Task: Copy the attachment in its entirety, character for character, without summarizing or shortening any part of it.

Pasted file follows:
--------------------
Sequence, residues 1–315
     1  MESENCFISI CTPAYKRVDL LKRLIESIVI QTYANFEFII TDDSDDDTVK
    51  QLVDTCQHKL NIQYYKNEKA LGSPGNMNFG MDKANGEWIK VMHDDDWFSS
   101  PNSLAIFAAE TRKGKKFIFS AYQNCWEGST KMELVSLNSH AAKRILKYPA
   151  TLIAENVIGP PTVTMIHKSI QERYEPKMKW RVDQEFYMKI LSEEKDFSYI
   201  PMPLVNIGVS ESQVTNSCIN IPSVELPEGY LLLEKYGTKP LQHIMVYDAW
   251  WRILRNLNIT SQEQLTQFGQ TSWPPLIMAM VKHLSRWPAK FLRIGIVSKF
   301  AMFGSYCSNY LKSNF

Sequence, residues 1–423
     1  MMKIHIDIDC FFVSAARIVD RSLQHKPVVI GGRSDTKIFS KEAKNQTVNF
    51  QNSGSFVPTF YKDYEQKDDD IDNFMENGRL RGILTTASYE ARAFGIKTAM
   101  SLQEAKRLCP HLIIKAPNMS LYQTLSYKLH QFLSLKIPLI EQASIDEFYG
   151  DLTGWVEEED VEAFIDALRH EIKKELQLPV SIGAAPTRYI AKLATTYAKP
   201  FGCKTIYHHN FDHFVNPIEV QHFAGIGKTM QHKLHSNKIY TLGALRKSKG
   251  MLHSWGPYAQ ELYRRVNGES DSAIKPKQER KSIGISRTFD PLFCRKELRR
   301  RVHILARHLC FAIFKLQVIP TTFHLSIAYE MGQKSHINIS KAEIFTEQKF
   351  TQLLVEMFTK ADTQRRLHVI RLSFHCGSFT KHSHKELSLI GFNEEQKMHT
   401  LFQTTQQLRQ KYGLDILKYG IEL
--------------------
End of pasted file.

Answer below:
Sequence, residues 1–315
     1  MESENCFISI CTPAYKRVDL LKRLIESIVI QTYANFEFII TDDSDDDTVK
    51  QLVDTCQHKL NIQYYKNEKA LGSPGNMNFG MDKANGEWIK VMHDDDWFSS
   101  PNSLAIFAAE TRKGKKFIFS AYQNCWEGST KMELVSLNSH AAKRILKYPA
   151  TLIAENVIGP PTVTMIHKSI QERYEPKMKW RVDQEFYMKI LSEEKDFSYI
   201  PMPLVNIGVS ESQVTNSCIN IPSVELPEGY LLLEKYGTKP LQHIMVYDAW
   251  WRILRNLNIT SQEQLTQFGQ TSWPPLIMAM VKHLSRWPAK FLRIGIVSKF
   301  AMFGSYCSNY LKSNF

Sequence, residues 1–423
     1  MMKIHIDIDC FFVSAARIVD RSLQHKPVVI GGRSDTKIFS KEAKNQTVNF
    51  QNSGSFVPTF YKDYEQKDDD IDNFMENGRL RGILTTASYE ARAFGIKTAM
   101  SLQEAKRLCP HLIIKAPNMS LYQTLSYKLH QFLSLKIPLI EQASIDEFYG
   151  DLTGWVEEED VEAFIDALRH EIKKELQLPV SIGAAPTRYI AKLATTYAKP
   201  FGCKTIYHHN FDHFVNPIEV QHFAGIGKTM QHKLHSNKIY TLGALRKSKG
   251  MLHSWGPYAQ ELYRRVNGES DSAIKPKQER KSIGISRTFD PLFCRKELRR
   301  RVHILARHLC FAIFKLQVIP TTFHLSIAYE MGQKSHINIS KAEIFTEQKF
   351  TQLLVEMFTK ADTQRRLHVI RLSFHCGSFT KHSHKELSLI GFNEEQKMHT
   401  LFQTTQQLRQ KYGLDILKYG IEL